View Single Post
Old
06-14-2011, 10:15 PM
  #92
Miller Time
Registered User
 
Miller Time's Avatar
 
Join Date: Sep 2004
Posts: 8,688
vCash: 500
Quote:
Originally Posted by Talks to Goalposts View Post
Those stuff kinda do show up in things like shots against you know as I said. It doesn't control for things no one knows like how much of an effect team defense has on save percentage. But this is simply a ballpark estimate to answer a point raised earlier in the thread.

All what I'm talking to comes down to Q: How good would the worst team in the league be if they switched to the best goaltending in the league A: As far as I'm willing to guess; about average, maybe in the playoffs, maybe not. Which given the history of ridiculous goaltending performances on bad teams, is an entirely reasonable answer.

The numbers just help us describe things that it would be way to hard to do otherwise. Of course its flawed and of course there are so many things that would change it in real life. But this is the kind of thing that lets you get a handle on what your talking about beyond "that guy over there is doing pretty good, eh?"
i don't know if the stats tell you anything relevant in this case...

as good as the top goalies in the league are, it's all about their mental state in any given season. Let's not forget that last year Thomas sat on the bench (rightfully so) and watched Rask lead the bruins into the playoffs.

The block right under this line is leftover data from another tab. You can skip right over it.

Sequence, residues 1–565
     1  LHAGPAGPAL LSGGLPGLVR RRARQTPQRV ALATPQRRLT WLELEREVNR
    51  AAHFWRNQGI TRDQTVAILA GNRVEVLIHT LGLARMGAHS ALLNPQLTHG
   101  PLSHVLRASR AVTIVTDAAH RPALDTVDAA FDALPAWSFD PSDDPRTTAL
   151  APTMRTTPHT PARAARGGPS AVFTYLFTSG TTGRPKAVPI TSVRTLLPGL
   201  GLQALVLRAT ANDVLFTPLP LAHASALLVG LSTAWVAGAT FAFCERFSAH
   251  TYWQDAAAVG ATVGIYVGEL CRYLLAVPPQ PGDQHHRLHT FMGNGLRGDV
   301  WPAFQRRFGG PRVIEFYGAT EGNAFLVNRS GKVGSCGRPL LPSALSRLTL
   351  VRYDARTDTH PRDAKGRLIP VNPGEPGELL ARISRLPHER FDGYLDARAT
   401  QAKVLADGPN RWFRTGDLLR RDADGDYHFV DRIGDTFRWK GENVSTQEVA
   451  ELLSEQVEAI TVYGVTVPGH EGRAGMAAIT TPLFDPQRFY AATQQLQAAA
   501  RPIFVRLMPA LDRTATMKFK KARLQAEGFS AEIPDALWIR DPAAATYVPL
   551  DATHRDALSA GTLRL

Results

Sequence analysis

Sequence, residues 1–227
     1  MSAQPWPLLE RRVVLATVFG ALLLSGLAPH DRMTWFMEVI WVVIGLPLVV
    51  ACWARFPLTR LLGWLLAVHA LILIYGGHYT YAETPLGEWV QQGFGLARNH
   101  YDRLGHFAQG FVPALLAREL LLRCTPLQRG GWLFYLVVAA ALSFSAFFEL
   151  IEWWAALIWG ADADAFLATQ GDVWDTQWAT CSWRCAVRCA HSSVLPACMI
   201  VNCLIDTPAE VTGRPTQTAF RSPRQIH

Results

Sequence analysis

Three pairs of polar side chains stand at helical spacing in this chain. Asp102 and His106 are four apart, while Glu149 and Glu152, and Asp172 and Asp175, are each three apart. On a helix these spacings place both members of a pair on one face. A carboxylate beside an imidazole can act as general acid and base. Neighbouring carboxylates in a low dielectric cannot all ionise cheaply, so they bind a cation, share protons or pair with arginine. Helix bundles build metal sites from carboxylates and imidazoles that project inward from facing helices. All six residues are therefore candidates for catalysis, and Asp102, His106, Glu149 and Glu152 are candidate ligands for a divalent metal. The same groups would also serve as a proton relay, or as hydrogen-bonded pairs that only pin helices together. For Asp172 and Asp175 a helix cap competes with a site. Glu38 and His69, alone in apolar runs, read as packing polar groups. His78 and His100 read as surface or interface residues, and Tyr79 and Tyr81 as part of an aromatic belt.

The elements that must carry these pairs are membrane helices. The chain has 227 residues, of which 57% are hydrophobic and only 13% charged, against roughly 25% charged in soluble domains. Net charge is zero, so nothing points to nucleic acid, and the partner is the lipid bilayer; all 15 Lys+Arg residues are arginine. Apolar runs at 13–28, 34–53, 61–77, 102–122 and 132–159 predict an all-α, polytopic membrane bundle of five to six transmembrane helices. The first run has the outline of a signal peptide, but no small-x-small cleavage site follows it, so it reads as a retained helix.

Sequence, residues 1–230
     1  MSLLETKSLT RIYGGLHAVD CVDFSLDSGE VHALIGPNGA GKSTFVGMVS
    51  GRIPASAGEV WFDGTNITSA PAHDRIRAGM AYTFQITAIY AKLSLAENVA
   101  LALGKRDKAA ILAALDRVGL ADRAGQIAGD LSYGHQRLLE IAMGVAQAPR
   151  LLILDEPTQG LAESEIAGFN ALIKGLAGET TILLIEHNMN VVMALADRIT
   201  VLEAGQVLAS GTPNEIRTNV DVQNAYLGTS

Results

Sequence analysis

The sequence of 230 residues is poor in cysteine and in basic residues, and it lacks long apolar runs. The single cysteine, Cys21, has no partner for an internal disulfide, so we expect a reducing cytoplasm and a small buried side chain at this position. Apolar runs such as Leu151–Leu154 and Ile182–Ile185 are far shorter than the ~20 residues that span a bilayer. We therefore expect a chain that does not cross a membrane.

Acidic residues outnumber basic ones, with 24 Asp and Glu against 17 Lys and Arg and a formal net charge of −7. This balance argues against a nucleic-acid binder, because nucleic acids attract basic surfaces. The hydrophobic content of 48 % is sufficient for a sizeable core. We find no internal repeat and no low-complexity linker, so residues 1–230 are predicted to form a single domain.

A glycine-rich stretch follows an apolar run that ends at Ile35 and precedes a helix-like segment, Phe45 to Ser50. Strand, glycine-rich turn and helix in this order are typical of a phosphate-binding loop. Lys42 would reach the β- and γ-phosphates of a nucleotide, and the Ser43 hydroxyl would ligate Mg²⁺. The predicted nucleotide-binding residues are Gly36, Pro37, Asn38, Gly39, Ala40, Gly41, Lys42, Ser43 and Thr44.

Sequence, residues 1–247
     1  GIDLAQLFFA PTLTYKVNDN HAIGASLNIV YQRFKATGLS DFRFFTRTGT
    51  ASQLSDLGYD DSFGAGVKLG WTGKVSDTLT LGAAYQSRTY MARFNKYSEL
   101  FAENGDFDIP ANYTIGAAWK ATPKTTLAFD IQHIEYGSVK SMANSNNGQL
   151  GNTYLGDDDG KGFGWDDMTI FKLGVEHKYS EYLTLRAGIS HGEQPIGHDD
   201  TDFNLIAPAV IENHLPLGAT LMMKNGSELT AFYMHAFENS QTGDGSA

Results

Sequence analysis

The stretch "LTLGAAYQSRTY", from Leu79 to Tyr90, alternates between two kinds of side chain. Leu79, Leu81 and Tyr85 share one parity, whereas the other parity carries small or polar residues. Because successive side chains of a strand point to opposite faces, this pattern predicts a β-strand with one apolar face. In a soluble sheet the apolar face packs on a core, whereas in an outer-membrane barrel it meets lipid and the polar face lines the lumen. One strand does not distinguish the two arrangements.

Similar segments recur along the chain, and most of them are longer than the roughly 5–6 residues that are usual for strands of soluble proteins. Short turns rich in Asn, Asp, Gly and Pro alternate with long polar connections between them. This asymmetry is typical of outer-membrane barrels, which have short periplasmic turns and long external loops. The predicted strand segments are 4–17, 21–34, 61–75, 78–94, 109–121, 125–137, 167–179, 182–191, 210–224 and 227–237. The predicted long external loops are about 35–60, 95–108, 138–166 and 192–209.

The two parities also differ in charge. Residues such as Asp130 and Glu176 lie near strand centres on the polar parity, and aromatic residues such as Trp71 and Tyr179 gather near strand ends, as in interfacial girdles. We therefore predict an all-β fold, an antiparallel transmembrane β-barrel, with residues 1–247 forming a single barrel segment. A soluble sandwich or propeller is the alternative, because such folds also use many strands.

Thomas isn't a "better" goalie today than he was a year ago, it's just the nature of the beast.

adding an elite goalie to the Oilers could go either way... the team could've gained confidence early on b/c said goalie stole a game or two, and rode that confidence into the playoffs...
or just as feasibly, the pourous play of the team in front of him could've killed the goalies confidence and reduced him to sub-par performances, leaving the team no better off than they were..

or anywhere in between.

there isn't a stat-package on earth complete enough to give any accurate insight into this kind of dilema. confidence, momentum, attitude, these are all intangible factors that, try as we might, we can't reduce to simple numbers.

in sports, especially team sports, there are so many variables, that it's impossible to know how changing one might impact the whole.

as much as "we" tend to glamorize (and vilify) the individual performance/person, fact is that any given game, series, season, is a cluster**** of random occurences, each of which contributing to unpredicatable outcomes culminating in one deciding game/series... after which, all of the talking heads look back and deduce an "obvious" explanation for why it played out the way it did... pure B.S... human need to explain the unexplainable.

bottom line is that human "success" and "achievement" is far more indebt to their circumstances/environment than it is to their innate skills or ability.

Thomas, Price, Rinne, Luongo... anyone of them could have "led" the oilers to the playoffs, but not anymore so than a timely goal to win a game sometime before hope was lost, or an injury for them that didn't happen or for an opponent that did happen...

Miller Time is offline   Reply With Quote